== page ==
Show simple item record

dc.contributor.authorSkov-Jeppesen, Kirsa
dc.contributor.authorHepp, Nicola
dc.contributor.authorOeke, Jannika
dc.contributor.authorHansen, Morten Steen
dc.contributor.authorJafari, Abbas
dc.contributor.authorSvane, Maria Saur
dc.contributor.authorBalenga, Nariman
dc.contributor.authorOlson, John A
dc.contributor.authorFrost, Morten
dc.contributor.authorKassem, Moustapha
dc.contributor.authorMadsbad, Sten
dc.contributor.authorBeck Jensen, Jens-Erik
dc.contributor.authorHolst, Jens Juul
dc.contributor.authorRosenkilde, Mette Marie
dc.contributor.authorHartmann, Bolette
dc.date.accessioned2021-05-20T15:04:25Z
dc.date.available2021-05-20T15:04:25Z
dc.date.issued2021-04-14
dc.identifier.urihttp://hdl.handle.net/10713/15720
dc.description.abstractGlucose-dependent insulinotropic polypeptide (GIP) and glucagon-like peptide-2 (GLP-2) are gut hormones secreted postprandially. In healthy humans, both hormones decrease bone resorption accompanied by a rapid reduction in parathyroid hormone (PTH). The aim of this study was to investigate whether the changes in bone turnover after meal intake and after GIP- and GLP-2 injections, respectively, are mediated via a reduction in PTH secretion. This was tested in female patients with hypoparathyroidism given a standardized liquid mixed-meal test (n = 7) followed by a peptide injection test (n = 4) using a randomized crossover design. We observed that the meal- and GIP- but not the GLP-2-induced changes in bone turnover markers were preserved in the patients with hypoparathyroidism. To understand the underlying mechanisms, we examined the expression of the GIP receptor (GIPR) and the GLP-2 receptor (GLP-2R) in human osteoblasts and osteoclasts as well as in parathyroid tissue. The GIPR was expressed in both human osteoclasts and osteoblasts, whereas the GLP-2R was absent or only weakly expressed in osteoclasts. Furthermore, both GIPR and GLP-2R were expressed in parathyroid tissue. Our findings suggest that the GIP-induced effect on bone turnover may be mediated directly via GIPR expressed in osteoblasts and osteoclasts and that this may occur independent of PTH. In contrast, the effect of GLP-2 on bone turnover seems to depend on changes in PTH and may be mediated through GLP-2R in the parathyroid gland. © 2021 The Authors. Journal of Bone and Mineral Research published by Wiley Periodicals LLC on behalf of American Society for Bone and Mineral Research (ASBMR). © 2021 The Authors.en_US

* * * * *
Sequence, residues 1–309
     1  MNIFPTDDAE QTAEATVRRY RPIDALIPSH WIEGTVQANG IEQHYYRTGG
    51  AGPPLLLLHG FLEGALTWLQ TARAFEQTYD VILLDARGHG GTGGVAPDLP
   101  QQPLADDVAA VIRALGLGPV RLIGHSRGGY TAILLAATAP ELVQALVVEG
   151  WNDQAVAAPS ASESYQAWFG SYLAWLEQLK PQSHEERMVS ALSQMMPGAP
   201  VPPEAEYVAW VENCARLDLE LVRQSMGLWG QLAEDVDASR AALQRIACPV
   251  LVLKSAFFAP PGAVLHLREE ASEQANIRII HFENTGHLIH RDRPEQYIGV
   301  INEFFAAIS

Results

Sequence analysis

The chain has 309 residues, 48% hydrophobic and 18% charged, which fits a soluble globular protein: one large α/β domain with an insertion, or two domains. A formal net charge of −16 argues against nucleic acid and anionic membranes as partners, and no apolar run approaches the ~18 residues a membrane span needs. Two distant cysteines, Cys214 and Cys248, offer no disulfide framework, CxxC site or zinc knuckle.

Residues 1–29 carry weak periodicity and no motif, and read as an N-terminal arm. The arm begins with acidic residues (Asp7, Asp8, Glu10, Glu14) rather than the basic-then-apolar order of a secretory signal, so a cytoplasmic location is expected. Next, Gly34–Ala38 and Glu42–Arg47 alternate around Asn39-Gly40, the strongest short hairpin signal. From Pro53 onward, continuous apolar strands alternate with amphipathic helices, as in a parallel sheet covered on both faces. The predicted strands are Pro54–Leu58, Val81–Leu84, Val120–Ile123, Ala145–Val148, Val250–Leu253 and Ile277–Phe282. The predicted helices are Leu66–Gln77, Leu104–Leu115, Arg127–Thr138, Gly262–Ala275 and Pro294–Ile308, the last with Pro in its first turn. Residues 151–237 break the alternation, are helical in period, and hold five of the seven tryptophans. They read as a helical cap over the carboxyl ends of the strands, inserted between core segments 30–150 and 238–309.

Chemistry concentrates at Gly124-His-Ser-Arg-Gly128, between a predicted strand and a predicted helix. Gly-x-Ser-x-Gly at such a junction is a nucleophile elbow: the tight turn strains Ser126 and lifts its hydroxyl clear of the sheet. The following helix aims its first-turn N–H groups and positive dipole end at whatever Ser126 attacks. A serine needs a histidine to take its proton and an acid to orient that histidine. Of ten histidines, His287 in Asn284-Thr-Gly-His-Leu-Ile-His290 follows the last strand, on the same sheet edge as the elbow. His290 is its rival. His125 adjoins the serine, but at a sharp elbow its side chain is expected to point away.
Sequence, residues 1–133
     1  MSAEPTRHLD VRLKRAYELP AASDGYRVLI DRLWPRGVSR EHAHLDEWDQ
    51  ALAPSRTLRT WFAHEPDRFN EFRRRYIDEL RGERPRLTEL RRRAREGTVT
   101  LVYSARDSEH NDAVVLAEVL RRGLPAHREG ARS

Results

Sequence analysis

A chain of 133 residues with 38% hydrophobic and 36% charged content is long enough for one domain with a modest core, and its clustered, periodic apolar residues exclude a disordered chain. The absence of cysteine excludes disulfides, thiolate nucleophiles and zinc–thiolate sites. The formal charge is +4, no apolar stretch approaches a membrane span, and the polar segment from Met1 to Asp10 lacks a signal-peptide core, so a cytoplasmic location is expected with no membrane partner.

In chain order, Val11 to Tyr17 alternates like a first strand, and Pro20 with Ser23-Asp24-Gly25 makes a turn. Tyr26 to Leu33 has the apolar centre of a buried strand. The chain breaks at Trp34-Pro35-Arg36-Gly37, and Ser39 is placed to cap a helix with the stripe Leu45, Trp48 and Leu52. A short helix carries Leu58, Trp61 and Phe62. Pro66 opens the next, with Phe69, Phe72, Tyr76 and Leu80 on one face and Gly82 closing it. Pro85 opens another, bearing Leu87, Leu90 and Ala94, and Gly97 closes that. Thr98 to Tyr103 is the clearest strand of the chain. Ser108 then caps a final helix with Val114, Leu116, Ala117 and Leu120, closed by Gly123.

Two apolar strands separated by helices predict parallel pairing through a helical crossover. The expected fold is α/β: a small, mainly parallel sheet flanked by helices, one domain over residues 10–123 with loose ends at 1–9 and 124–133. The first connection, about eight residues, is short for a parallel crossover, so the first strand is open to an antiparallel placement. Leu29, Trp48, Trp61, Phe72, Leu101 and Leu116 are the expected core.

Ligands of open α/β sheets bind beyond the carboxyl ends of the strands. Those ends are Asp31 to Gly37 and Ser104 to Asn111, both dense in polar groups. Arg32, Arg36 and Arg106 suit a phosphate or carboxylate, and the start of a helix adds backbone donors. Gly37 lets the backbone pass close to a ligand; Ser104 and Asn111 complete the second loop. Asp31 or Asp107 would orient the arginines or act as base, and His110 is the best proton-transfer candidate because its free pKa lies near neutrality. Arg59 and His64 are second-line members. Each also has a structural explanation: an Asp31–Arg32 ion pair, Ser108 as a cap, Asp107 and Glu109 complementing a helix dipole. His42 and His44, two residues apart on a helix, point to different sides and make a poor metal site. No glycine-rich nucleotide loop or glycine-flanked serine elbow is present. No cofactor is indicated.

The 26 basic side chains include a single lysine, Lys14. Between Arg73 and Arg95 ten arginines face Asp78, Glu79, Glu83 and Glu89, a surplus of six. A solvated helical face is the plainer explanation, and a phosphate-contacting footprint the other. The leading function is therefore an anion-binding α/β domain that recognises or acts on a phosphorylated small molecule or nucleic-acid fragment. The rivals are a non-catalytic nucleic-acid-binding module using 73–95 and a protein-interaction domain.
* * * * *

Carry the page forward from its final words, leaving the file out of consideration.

dc.description.urihttps://doi.org/10.1002/jbmr.4308en_US
dc.language.isoenen_US
dc.publisherWiley-Blackwellen_US
dc.relation.ispartofJournal of Bone and Mineral Researchen_US
dc.rights© 2021 The Authors. Journal of Bone and Mineral Research published by Wiley Periodicals LLC on behalf of American Society for Bone and Mineral Research (ASBMR).en_US
dc.subjectGIPen_US
dc.subjectGLP-2en_US
dc.subjectBiochemical markers of bone turnoveren_US
dc.subjectBone turnoveren_US
dc.subject.meshBone Remodelingen_US
dc.subject.meshOsteoblastsen_US
dc.subject.meshOsteoclastsen_US
dc.titleThe Antiresorptive Effect of GIP, but not GLP-2, Is Preserved in Patients With Hypoparathyroidism-A Randomized Crossover Studyen_US
dc.typeArticleen_US
dc.identifier.doi10.1002/jbmr.4308
dc.identifier.pmid33852173
dc.source.countryUnited States


This item appears in the following Collection(s)

Show simple item record